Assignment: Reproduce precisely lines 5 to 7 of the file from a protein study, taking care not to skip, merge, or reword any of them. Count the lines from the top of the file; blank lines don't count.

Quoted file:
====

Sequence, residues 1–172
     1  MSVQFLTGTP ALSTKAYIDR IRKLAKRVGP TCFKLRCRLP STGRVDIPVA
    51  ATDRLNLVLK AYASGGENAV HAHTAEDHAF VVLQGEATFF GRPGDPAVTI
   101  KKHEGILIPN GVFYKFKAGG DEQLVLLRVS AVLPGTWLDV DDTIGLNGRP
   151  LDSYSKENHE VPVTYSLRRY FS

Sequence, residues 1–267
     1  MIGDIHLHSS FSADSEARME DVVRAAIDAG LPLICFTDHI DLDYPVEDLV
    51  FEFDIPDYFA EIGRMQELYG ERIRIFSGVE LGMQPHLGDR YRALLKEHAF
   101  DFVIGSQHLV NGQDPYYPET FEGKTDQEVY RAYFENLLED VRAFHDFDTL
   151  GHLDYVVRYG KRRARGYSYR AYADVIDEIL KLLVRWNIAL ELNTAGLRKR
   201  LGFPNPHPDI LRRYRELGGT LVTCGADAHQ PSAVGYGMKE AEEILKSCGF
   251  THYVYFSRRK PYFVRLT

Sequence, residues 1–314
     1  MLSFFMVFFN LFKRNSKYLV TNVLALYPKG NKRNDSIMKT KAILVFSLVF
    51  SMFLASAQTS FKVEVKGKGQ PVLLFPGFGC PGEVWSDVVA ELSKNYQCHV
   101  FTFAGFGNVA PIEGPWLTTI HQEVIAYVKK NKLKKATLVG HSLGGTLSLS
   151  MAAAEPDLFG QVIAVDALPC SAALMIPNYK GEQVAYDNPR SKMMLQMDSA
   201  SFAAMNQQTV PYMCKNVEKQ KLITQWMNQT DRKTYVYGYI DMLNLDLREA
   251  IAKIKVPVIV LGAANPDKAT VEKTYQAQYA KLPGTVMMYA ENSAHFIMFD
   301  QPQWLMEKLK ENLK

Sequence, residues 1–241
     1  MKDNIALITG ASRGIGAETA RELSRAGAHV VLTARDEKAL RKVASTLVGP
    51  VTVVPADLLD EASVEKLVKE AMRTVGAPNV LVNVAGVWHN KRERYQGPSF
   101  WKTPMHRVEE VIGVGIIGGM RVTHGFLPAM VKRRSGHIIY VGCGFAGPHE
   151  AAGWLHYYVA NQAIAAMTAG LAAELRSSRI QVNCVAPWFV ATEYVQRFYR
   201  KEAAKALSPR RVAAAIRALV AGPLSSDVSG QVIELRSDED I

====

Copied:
   151  LDSYSKENHE VPVTYSLRRY FS

Sequence, residues 1–267
     1  MIGDIHLHSS FSADSEARME DVVRAAIDAG LPLICFTDHI DLDYPVEDLV